On The List is On the Go – and our first stop was Qinghai in China (said like Ching-hi). It’s a remote province with 5 million people and 5 million yaks (one for everyone, fair) and is found in the North West of China bordering Tibet.
And what a delicious melting pot of cultures, religion, flavours and nature.
On The List together with 14 other travel bloggers from around the world were incredibly lucky to have been invited by Qinghai Tourism and Ctrip to help carve the path for tourism in this region. Currently it’s not very Western (how rare!) in fact in many instances we went places that few Westerners or other tourists have been to before. Our 8 day trip was designed to help them work out the best attractions to share, the best locations to travel to and the best places to embrace the local cuisine.
So this roughly translates to ‘if you want to visit this region – there’s no time for being a preppy tourist, get ready to act like a local’. But bon’t go there ready to chat to the locals in English because it isn’t spoken or written pretty much anywhere. Be prepared to eat a lot of meat because this mostly Muslim area is famous for it. And, you need to prepare yourself for the squatty potty life (except in your hotel room and the odd disabled toilet), so limber up with some practice squats and never ever go anywhere without a pack of tissues (ever!). And girls I’m looking at you when I say just embrace the toilet experience as the locals do, after a few days you really do learn the tricks and it becomes the normal way to use the WC (hint: it has to do with having your bum higher in the air…you’ll see what I mean).
Qinghai is a massive Provence, so at times we had 6 hour bus rides to get to our next destination. That’s China. The up side – the snacks! They are super random, really fun and cheap as chips. Plus, at the petrol stations you find the most random gifts from hip flasks in yak leather holders filled with god awful rice wine to $3 tea flasks filled with local ingredients for the sweetest warm tea.
The Tibetan history in this region is rich and includes the Monastery that the current Dalai Lama was discovered at (which by the way is the most intriguing story!). We visited a range of cultural locations including Qutan Temple, the Guo Ma Ri Stupa and the Wutan Temple all deeply spiritual, humble and calm. And then just when you thought you had been catapulted into another era away from the hustle, a calm and gentle monk would whip out his iPhone from inside his garb and ask for a selfie. We’re not that different after all.
Once we had basked in the man-made beauties we feasted on the natural delights this Provence has to offer starting with the drive to Qinghai Lake. I probably had one of my favourite moments there, with a local who lent me her red scarf to hold up in the wind as I sat on a rock with just the vast lake in front of me. As corny as it sounds, it felt like just me and China having a private moment (which Brian from Ramen Adventures captured bless him). Imagine my surprise when around the lake we came across a small dessert – I will never get over the fact that I sand boarding for the first time in my life, in China! We finished our trip surrounded bythe mountains in Qilian that looked like a perfectly painted canvas – in every photo it actually looked like it was a green screen with the perfect picture of a lush and unique mountainous range (with some snow-capped mountains in the background for effect). Simply perfect.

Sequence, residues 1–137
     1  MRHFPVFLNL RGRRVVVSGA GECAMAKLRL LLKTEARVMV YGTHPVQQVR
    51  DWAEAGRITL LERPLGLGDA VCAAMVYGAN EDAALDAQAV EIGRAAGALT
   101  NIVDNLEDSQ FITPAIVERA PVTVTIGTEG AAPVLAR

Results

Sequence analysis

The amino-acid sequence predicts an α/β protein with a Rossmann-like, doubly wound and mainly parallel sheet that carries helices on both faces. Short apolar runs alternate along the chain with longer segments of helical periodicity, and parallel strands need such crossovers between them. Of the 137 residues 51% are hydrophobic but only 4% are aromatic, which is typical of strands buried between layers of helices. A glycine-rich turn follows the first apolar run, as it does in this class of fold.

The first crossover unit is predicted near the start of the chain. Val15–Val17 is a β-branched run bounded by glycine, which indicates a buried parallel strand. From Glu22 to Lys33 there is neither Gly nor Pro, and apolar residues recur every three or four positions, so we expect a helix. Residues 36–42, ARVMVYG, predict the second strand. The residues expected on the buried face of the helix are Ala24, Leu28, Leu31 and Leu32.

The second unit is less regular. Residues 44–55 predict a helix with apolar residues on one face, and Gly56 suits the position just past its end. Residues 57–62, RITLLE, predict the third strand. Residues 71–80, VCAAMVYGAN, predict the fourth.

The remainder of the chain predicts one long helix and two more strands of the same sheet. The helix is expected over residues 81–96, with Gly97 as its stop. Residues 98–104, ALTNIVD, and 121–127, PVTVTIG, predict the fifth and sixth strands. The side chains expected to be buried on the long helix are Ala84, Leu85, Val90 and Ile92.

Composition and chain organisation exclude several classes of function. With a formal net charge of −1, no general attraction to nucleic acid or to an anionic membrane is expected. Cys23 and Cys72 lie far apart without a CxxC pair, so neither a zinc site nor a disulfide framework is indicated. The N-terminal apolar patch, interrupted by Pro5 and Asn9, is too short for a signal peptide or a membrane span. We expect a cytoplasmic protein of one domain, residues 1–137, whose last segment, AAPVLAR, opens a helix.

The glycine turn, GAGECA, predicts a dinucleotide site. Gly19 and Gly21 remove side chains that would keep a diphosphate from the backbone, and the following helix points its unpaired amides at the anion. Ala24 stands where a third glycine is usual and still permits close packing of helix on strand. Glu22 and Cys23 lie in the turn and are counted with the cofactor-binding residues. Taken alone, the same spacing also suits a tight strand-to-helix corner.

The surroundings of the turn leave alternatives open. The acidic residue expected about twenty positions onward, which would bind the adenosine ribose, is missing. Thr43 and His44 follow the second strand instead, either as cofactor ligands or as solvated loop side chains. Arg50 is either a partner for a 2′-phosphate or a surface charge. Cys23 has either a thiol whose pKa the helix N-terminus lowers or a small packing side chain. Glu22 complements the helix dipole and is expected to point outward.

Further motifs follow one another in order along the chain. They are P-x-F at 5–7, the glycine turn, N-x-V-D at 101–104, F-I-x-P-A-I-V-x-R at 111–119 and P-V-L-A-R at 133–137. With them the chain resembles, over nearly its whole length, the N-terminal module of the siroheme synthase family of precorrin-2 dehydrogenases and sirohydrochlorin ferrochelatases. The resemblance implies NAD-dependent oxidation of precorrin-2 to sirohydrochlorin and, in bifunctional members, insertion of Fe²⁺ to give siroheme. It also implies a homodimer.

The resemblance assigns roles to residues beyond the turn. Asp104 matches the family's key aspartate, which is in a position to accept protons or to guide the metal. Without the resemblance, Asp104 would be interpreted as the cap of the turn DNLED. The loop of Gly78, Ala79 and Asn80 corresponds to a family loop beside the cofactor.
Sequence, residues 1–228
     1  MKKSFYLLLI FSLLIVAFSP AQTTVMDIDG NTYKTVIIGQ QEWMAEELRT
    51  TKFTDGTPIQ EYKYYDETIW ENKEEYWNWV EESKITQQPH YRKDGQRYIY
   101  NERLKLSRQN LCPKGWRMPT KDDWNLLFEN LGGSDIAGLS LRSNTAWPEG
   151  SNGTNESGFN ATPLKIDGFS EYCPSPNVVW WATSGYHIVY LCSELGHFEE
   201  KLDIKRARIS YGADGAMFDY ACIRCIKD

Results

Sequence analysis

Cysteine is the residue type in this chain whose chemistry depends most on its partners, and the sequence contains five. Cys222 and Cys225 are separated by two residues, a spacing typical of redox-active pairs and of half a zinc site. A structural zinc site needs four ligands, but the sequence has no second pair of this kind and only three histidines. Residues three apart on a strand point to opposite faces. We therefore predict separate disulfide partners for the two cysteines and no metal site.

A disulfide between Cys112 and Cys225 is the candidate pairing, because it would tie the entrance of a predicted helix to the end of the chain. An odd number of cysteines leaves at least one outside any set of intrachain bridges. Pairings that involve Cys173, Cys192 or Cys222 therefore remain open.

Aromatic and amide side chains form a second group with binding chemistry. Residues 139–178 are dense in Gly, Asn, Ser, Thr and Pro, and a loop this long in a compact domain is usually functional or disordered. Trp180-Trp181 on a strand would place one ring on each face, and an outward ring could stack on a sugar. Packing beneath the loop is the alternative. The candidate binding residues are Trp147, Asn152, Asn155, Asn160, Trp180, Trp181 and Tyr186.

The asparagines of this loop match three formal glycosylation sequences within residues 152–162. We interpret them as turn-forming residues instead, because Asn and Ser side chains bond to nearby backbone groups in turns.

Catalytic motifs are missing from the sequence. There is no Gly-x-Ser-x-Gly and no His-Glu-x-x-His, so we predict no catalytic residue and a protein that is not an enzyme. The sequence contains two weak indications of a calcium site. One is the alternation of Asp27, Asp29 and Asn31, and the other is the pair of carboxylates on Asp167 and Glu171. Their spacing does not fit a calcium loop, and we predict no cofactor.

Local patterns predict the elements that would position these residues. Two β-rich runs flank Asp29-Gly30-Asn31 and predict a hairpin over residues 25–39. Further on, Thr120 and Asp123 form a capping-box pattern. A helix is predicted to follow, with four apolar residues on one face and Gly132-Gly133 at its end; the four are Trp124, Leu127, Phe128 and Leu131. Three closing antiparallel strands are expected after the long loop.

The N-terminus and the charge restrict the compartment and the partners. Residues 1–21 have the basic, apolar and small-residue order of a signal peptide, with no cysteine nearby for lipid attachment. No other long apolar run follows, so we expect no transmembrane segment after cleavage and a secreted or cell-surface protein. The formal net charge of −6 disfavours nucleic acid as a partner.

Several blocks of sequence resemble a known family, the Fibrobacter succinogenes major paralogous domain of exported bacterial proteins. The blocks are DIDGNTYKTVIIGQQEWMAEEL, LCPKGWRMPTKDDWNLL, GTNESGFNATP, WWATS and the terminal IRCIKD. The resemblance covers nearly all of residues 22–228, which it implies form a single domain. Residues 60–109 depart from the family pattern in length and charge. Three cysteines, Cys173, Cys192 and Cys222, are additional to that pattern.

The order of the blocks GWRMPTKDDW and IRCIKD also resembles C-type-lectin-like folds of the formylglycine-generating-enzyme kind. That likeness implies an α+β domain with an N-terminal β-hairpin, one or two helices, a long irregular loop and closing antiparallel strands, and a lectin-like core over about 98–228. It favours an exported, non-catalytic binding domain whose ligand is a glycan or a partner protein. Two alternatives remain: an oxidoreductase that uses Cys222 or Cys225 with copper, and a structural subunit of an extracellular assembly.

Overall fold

The only thing left to say is about the food – and honestly people the food was sensational. I miss it so much! The area is best known for its meat (lots of yummy yak), but their veggie dishes are just as scrumptious. Every meal as a banquet feast with each region serving up their own unique delicacies. Including (as per the video) some random, very expensive delicacy that was a worm, but also a tree and a fungus and yes I know that makes no sense, but watch the video and you’ll see what I mean. I was expecting the cuisine to be spicy but honestly it barely tickled me, it was flavoursome but not spicy. The local drink of rice wine is used ceremoniously at most occasions (with 3 shots being customary) and is mad harsh – good luck with it.
Qinghai is one of those places that you feel very connected to instantly and it’s also a place that helps you reconnect with yourself a bit. I do feel like it’s had more of an impact after the dust has settled and I’ve had time to reflect. Thank you Qinghai for reminding me about my passion for travel, creating interesting content and connecting with fabulous people.
My advice to you, if our On The Go video and post has whet your appetite, is to do your squats, pack lightly, hire a local driver and reputable tour guide who understands what Visas and permit you need whilst in the region (or just use our incredible new friend HOMER who was our legendary tour guide, details below) and get ready for a culture, nature and culinary burst with Qinghai China.
Be warned though, the internet situation isn’t a bloggers dream when it comes to speed and reliability, plus the country has flat out banned Google, Facebook, Youtube etc…but like with everything else in travel – embrace and get over it. Download WeChat and do what the locals do!
Til next time China #QinghaiLife xx
ALL PICS AND VID TAKEN ON A CANON POWERSHOT G7X
LOCATIONS ON OUR QINGHAI TRAVEL LIST:
- Kumbum Monastery (Ta’er Temple)
- Tu Minority (Huzhu Country)
- Qutan Temple (Ledu Country)
- Dongguan Grande Mosque
- Gui Ma Ri Stupa (Tongren Country)
- Wutan Temple
- Qinghai Lake
- Gold ans Silver Grassland (Xi Hai Country)
- Menyan County
- Flower Sea (which only blossoms from Mid July)
- Qilian Mountain
TOUR GUIDE HOMER’S CONTACT DETAILS 132 9977 7047 or firstname.lastname@example.org